Abstract: This paper explores the links between gradual capital account liberalization and the exchange rate regime in Morocco where the process of economic and financial openness is relatively advanced. Using a game theory model with two economic agents, that are monetary authorities and domestic firms, we explore the best choice concerning the exchange rate regime for Morocco in a context characterised by increasing openness especially of capital account. The results show that welfare under a flexible exchange rate regime is higher compared to welfare under a fixed exchange rate regime. The analysis also shows that the flexible exchange rate will improve competitiveness. However, flexibility will undermine price stability. --
    Keywords: capital account liberalization,exchange rate regime,competitiveness,inflation,Morocco
    JEL: F31 F32
    Date: 2014
  5. By: Chia-Lin Chang (Department of Applied Economics, Department of Finance, National Chung Hsing University, Taiwan); Juan-Ángel Jiménez-Martín (Departamento de Economía Cuantitativa (Department of Quantitative Economics), Facultad de Ciencias Económicas y Empresariales (Faculty of Economics and Business), Universidad Complutense de Madrid); Esfandiar Maasoumi (Department of Economics, Emory University); Teodosio Pérez Amaral (Departamento de Economía Cuantitativa (Department of Quantitative Economics), Facultad de Ciencias Económicas y Empresariales (Faculty of Economics and Business), Universidad Complutense de Madrid)
    Abstract: The Basel III Accord requires that banks and other Authorized Deposit-taking Institutions (ADIs) communicate their daily risk forecasts to the appropriate monetary authorities at the beginning of each trading day, using one of a range of alternative risk models to forecast Value-at-Risk (VaR). The risk estimates from these models are used to determine the daily capital charges (DCC) and associated capital costs of ADIs, depending in part on the number of previous violations, whereby realized losses exceed the estimated VaR. In this paper we define risk management in terms of choosing sensibly from a variety of risk models and discuss the optimal selection of financial risk models. A previous approach to model selection for predicting VaR proposed combining alternative risk models and ranking such models on the basis of average DCC. This method is based only on the first moment of the DCC distribution, supported by a restrictive evaluation function. In this paper, we consider uniform rankings of models over large classes of evaluation functions that may reflect different weights and concerns over different intervals of the distribution of losses and DCC. The uniform rankings are based on recently developed statistical tests of stochastic dominance (SD). The SD tests are illustrated using the prices and returns of VIX futures. The empirical findings show that the tests of SD can rank different pairs of models to a statistical degree of confidence, and that the alternative (recentered) SD tests are in general agreement.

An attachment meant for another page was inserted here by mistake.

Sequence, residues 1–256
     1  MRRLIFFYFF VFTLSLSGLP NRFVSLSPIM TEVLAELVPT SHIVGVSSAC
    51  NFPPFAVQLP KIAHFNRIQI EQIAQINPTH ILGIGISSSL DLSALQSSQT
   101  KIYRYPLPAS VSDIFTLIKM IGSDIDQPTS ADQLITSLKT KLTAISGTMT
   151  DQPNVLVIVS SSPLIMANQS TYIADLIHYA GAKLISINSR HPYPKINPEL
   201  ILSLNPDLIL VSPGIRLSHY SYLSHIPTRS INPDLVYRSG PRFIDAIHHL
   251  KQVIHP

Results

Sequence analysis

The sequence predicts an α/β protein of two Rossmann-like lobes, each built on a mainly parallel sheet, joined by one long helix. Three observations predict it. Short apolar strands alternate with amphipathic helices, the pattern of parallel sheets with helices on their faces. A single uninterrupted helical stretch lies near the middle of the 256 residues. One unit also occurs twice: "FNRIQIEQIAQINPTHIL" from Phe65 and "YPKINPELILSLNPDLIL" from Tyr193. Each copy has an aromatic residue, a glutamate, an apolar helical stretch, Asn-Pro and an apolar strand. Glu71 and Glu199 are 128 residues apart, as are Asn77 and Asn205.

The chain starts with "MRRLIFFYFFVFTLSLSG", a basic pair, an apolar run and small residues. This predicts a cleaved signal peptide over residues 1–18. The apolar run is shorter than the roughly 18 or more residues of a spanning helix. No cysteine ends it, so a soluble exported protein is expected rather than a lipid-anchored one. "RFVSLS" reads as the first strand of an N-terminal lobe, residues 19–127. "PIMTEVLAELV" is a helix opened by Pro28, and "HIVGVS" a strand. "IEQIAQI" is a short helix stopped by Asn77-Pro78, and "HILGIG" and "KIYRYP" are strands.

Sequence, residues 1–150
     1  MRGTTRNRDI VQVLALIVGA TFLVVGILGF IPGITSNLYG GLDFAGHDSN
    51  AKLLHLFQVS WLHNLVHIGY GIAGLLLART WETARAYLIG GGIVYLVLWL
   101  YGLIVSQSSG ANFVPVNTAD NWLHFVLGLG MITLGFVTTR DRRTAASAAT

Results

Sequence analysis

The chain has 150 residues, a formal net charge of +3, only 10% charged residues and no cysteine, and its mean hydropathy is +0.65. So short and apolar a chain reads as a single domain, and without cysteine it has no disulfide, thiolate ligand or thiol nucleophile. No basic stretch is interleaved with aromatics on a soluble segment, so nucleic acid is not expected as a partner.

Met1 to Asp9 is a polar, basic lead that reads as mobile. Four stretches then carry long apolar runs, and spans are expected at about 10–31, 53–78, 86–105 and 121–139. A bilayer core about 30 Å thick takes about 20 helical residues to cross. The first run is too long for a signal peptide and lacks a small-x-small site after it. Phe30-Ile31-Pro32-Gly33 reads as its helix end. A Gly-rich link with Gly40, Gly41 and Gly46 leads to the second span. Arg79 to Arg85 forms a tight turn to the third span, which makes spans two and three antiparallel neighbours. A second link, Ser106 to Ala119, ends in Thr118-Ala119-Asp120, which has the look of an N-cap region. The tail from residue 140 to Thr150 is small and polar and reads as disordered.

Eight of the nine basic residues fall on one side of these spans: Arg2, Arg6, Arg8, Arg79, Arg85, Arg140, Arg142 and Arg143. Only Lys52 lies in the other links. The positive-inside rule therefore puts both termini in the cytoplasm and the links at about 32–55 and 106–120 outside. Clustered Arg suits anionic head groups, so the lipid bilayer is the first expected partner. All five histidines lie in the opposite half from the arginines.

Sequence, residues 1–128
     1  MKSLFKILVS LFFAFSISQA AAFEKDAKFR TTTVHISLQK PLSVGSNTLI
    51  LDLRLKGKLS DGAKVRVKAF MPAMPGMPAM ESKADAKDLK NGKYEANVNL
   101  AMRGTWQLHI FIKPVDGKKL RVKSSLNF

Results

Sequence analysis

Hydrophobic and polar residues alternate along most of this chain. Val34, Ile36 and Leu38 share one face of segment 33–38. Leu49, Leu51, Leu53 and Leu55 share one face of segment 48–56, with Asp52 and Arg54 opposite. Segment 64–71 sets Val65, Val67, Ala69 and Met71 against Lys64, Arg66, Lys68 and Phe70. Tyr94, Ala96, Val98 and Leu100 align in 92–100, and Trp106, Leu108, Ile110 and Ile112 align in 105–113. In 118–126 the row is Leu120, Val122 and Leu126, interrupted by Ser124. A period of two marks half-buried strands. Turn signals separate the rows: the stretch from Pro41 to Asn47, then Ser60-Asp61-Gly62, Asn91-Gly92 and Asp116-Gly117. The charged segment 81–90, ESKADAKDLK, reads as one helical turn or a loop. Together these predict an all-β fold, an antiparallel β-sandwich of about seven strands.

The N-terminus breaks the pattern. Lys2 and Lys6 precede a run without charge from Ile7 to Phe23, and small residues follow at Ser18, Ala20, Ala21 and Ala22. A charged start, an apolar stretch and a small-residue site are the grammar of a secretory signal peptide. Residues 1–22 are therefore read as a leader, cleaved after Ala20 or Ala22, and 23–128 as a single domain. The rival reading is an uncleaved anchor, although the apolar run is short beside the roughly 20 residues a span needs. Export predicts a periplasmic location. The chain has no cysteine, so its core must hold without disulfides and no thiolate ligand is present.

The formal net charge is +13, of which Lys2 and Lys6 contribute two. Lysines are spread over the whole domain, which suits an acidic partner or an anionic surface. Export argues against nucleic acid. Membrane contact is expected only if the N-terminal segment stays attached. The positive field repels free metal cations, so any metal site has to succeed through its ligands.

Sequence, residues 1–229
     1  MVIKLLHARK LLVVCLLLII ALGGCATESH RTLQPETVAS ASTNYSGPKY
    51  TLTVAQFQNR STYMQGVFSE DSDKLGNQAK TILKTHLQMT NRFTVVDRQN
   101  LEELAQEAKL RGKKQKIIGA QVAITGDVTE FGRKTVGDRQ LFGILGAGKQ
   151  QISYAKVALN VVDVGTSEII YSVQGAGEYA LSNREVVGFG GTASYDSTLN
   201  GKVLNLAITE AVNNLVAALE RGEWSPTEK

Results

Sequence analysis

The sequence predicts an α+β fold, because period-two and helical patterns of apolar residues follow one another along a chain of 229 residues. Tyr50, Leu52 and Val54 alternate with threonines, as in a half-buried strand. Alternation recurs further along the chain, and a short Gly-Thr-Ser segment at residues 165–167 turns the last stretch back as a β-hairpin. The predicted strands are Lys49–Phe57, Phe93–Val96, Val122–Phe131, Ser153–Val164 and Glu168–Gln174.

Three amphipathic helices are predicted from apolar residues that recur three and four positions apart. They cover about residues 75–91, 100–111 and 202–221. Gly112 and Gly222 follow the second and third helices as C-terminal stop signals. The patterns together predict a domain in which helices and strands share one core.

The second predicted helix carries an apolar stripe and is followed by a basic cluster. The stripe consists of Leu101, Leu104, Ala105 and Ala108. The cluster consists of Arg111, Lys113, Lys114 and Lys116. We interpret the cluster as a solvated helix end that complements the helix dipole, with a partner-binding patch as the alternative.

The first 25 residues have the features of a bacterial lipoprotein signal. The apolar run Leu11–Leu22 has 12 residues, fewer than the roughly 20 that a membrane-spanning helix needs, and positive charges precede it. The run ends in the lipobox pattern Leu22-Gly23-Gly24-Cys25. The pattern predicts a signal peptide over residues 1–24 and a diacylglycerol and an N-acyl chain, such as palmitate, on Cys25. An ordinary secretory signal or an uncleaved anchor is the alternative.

Keywords: Stochastic dominance; Value-at-Risk; daily capital charges; violation penalties; optimizing strategy; Basel III Accord; VIX futures; global financial crisis.
    JEL: G32 G11 G17 C53 C22
    Date: 2014
  6. By: Xiaobing Feng; Haibo Hu
    Abstract: The negative externalities from an individual bank failure to the whole system can be huge. One of the key purposes of bank regulation is to internalize the social costs of potential bank failures via capital charges. This study proposes a method to evaluate and allocate the systemic risk to different countries/regions using a SIR type of epidemic spreading model and the Shapley value in game theory. The paper also explores features of a constructed bank network using real globe-wide banking data.
    Date: 2014–04